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    The Appeal of EM Corporate Debt

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    Stockholm (NordSIP) – At a time of global turmoil, with inflation eroding economic growth and returns in advanced economies, emerging markets remain an appealing investment for sustainable investors willing to trade returns for the added volatility of this market. However, Louis Leutenegger, Portfolio Manager at impact investor BlueOrchard, challenges this idea, noting that by some measures, EM corporate debt has provided higher returns while remaining less volatile than its US counterpart.

    Why Invest in EMs?

    The main argument for investing in emerging market (EM) economies is that their developing economic status means that there are often higher levels of growth to reach out for. According to the April 2023 IMF World Economic Outlook (WEO) report, EM and Developing Economies are set to grow at a 4% annual rate in 2023 and 2024, considerably more than advanced economies projected 1.2% and 1.3% growth during the same years.

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    “According the IMF, Emerging markets have grown on average by 4.1% from 2013-2022 which compares to 1.8% for Advanced Economies. As these economies continue to grow and develop, their companies are better positioned to meet their debt obligations,” Leutenegger says.

    Is it Really that Risky?

    According to Leutenegger, the corporate debt market provides a channel of exposure to EM growth that appears to have experienced less volatility than its US alternative. “While EM Corporate debt has experienced some periods of volatility, the overall trend shows that it has been less volatile than the US Corporate index over the past few years. In fact, the volatility of the J.P. Morgan Corporate EMBI Broad Diversified Composite Index (EM Corporates) over the past 10 and 20-years as of end April 2023 was at 4.9%, and 5.4%, respectively. While that of the Bloomberg Barclays US Corporate Index (US Corporates) was at 6.7% and 6.1%,” Leutenegger explains.

    Leutenegger argues that improved credit ratings and less duration has allowed EM corporate debt to be less volatile than its US counterparts.

    Louis Leutenegger, Portfolio Manager at Blue Orchard

    “A study from J.P. Morgan shows that Global Emerging Market indebtedness has improved with net leverage decreasing from 2.1x in 2016 to 1.1x as of end-2022. (…) EM Corporates historically had a lower duration than the US Corporates. As of end-April-2023 it stands at 4.3 years which compares to 7.2 years for the US Corporate Index, according to Bloomberg,” Leutenegger adds.

    The Sustainability Angle

    For sustainable investors, EMs offer the opportunity to allocate funds to projects that will have the most impact. On the climate front, EMs such as Brazil, Sub-Saharan Africa or South-East Asian countries are home to some of the planet’s richest sources of biodiversity, where conservation efforts will pay out most. Poverty relief also allows investors to facilitate a juster form of economic development. Sharing good investment practices, on the other hand, should improve governance and ensure better and more reliable returns.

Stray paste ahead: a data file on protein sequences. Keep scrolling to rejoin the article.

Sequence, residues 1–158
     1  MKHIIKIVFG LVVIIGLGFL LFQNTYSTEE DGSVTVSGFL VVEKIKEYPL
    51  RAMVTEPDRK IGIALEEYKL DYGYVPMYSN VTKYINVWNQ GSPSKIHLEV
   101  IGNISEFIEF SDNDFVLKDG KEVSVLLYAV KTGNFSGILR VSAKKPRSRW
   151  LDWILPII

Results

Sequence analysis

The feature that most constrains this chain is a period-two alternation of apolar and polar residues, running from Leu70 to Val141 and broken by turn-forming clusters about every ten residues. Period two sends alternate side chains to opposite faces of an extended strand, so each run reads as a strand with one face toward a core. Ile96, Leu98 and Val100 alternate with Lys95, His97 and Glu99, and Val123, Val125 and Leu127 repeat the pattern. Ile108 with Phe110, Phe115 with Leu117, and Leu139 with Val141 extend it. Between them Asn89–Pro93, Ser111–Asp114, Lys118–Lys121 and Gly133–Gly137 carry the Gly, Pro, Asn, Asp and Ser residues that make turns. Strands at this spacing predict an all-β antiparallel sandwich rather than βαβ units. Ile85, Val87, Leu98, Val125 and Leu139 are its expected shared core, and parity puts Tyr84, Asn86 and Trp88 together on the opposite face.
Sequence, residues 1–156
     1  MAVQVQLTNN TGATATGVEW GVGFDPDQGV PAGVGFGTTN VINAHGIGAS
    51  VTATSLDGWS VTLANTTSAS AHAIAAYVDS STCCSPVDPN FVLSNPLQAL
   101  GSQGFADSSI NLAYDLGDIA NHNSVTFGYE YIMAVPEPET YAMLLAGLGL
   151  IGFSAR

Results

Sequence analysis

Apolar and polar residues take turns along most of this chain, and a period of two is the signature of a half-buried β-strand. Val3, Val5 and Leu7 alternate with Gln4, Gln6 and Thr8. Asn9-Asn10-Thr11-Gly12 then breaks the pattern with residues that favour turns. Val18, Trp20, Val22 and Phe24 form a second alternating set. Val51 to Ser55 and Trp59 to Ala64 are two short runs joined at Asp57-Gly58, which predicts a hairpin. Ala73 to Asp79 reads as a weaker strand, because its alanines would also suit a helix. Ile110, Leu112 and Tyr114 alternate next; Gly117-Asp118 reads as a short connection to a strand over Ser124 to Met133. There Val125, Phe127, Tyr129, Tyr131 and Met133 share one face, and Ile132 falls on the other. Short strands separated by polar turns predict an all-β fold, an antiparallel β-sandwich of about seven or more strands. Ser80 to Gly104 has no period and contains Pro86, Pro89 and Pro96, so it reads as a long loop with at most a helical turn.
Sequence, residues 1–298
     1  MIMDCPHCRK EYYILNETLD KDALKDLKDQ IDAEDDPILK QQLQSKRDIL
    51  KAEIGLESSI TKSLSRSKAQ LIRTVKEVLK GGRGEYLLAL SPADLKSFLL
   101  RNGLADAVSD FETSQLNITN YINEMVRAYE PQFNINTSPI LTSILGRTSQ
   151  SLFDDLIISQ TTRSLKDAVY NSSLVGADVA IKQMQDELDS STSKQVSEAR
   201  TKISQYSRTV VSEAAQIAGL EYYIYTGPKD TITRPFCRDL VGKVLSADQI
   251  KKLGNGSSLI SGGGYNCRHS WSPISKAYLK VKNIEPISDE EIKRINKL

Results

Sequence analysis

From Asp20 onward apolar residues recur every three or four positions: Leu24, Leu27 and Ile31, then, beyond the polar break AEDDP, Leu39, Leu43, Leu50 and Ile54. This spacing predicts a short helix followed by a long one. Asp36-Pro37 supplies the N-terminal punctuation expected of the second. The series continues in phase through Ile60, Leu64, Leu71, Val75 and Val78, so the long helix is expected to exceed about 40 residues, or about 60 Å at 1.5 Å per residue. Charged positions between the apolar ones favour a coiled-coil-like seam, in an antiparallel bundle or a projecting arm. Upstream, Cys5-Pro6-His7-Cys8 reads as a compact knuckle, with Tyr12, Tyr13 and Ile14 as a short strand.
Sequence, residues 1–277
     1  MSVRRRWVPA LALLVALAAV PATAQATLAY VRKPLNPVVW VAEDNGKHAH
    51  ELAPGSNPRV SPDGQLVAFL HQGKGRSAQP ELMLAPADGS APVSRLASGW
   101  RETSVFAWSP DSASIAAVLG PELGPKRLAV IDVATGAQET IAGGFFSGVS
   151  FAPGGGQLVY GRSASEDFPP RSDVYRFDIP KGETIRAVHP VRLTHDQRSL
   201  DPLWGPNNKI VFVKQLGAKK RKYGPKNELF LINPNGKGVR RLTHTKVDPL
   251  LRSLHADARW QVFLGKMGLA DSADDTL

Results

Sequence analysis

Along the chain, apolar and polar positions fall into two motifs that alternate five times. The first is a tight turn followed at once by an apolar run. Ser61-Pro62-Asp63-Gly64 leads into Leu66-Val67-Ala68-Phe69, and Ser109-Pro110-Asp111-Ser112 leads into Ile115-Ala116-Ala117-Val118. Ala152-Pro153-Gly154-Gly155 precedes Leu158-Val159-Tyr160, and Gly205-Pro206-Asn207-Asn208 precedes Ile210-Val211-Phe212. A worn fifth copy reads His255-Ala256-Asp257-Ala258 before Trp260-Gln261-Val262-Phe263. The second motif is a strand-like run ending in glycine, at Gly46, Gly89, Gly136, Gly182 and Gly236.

Magnus Weikert, Vice President at Blue Orchard

    “With an increased interest in fixed income strategies, apart from adding portfolio characteristics, EM corporate debt provides an opportunity as investor to be impactful by financing a number of sustainability objectives addressing climate and inclusion, that are high on the agenda of many Nordic investors,” Magnus Weikert (Pictured) Vice President responsible for the distribution of BlueOrchard’s impact investment products in the Nordic region, tells NordSIP.

    “The increased interest in fixed income alongside sustainability and climate objectives encourage Nordic investors to consider emerging markets fixed income strategies, however analysing and engaging with emerging markets corporate issuers in a consistent manner in relation ESG risks and evaluate and report on the impact can be resource intensive,” Weikert adds.

    The Blue Orchard Way

    “While we are currently exploring the possibility of incorporating the CEMBI as a reference index, it is important to note that the CEMBI does not take into account any ESG or Impact metrics, whereas BlueOrchard places a strong emphasis on ESG factors and impact considerations, which are core to our investment process,” Leutenegger explains.

    “ESG analysis is part of the investible universe creation for BlueOrchard, along with impact analysis. The ESG assessment is used to analyse issuers’ sustainability risk, looking at policies, environmental, social or governance indicators, events or conditions that could cause an actual or a potential material negative effect on the value of the investment. The SFDR principal adverse impact indicators are also included in the analysis and collected whenever available. Overall, the ESG analysis ensures that the company meets certain minimum safeguards standards, mitigating sustainability risk of the investment. Each issuer and bond needs to pass the assessment of BlueOrchard’s impact framework,” Leutenegger concludes.

     

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